Wednesday, January 7, 2015

How a Candle Waxed Creative (without really trying) (PHOTOS)

Looking like a flower with glowing stamen
Well the jolly holidays are behind us, time to get back to work...and blogging. Things around my house got a little hectic what with all the party-preparations, thus I, like Bob Cratchit was "quite behind my time...making merry."

While not mentioned here, my Facebook  friends were subjected to my lamenting about my house woes, both with my roof (which was heavily damaged last year in one hellish Michigan winter storm) and a week after THAT was done, my furnace decided to die. (Gee, it was only 25 years old, go figure). In the process of trying to keep the chill out of the air without running electric heaters all of the time, I decided to try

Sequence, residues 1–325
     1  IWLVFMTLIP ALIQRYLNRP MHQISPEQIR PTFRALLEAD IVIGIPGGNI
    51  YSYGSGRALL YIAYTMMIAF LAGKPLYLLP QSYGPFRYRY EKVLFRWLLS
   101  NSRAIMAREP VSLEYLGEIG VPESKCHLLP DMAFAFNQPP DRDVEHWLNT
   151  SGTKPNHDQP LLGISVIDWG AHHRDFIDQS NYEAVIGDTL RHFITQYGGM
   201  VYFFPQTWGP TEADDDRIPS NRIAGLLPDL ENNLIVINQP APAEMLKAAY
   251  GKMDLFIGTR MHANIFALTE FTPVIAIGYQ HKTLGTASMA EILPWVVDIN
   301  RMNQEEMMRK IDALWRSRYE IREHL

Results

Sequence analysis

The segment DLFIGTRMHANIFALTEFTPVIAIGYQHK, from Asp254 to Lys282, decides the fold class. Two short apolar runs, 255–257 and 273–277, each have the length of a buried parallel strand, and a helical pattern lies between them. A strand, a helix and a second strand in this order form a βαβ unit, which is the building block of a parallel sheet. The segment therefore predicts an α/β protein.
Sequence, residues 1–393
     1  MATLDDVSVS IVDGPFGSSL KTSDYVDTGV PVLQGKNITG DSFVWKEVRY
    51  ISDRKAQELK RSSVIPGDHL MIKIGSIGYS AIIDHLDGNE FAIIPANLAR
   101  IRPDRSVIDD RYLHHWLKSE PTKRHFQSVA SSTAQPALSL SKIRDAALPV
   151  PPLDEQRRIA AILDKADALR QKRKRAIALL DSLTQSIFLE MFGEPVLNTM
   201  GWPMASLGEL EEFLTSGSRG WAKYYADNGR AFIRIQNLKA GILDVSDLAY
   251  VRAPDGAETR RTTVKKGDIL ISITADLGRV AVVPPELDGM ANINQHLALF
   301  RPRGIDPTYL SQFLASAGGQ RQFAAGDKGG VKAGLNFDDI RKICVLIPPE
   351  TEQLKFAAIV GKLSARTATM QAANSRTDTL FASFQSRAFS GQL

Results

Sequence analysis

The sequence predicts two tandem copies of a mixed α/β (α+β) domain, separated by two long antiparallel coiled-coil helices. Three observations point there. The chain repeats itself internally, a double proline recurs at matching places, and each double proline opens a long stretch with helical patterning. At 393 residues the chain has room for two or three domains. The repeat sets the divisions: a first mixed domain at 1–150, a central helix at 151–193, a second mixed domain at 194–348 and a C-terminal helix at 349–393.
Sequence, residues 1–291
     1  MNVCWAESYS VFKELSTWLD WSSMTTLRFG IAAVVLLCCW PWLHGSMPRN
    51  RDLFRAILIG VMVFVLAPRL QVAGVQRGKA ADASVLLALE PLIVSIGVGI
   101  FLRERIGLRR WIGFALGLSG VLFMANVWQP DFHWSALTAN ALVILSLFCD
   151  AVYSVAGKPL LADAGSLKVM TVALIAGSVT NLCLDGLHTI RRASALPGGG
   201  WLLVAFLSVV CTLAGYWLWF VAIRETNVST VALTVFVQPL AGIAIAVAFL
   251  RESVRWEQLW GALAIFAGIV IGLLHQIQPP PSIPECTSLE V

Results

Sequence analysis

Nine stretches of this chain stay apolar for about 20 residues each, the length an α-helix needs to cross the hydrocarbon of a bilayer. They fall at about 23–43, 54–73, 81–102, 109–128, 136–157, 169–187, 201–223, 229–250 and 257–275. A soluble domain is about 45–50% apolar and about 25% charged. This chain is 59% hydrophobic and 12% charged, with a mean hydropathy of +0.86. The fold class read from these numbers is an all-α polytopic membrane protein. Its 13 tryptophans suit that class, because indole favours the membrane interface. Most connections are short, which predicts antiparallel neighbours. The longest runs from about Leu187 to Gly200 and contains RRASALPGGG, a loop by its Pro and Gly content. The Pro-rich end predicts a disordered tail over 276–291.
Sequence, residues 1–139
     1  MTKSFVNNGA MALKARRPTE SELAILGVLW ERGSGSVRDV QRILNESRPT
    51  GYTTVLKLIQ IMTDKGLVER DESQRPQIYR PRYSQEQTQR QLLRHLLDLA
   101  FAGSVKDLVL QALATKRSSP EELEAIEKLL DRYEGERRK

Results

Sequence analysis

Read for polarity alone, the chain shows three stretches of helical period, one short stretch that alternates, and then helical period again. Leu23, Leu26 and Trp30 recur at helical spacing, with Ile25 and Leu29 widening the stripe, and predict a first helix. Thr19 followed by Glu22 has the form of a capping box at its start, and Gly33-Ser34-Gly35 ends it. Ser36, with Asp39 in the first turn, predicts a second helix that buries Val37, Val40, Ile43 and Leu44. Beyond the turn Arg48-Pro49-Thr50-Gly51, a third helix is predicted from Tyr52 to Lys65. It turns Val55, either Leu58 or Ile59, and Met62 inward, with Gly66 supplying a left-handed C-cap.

my hand at making some candles. What I learned from this was that; one: it is a whole lot of work! and two: Candles can be very beautiful just in the very simple act of melting. It took me all one morning and most of the afternoon to make four small candles and two large pillar candles with salvaged wax, so I had to add some color with melted crayons, which actually worked pretty well.

After the candle had sufficiently cooled for a day, I lit the wick and watched the magic happen. Over the course of about six hours, I watched the purple wax slowly melt down across the plate into gentle folds and swirls. If I had tried to plan out what it would look like, I could have never did a better job! I was so enamored of the creative flow that gravity and warmth took, I ended up keeping it as a work of art, from having the appearance of a delicate flower, then to a castle down into flowing lava with the center all aglow. I am not sure how long it will endure, but for now it sits atop a mirrored surface on my bedroom dresser. Please enjoy the photos.


  1. Replies
    1. Thank you. The Candle was doing its own thing...I just had the camera ready!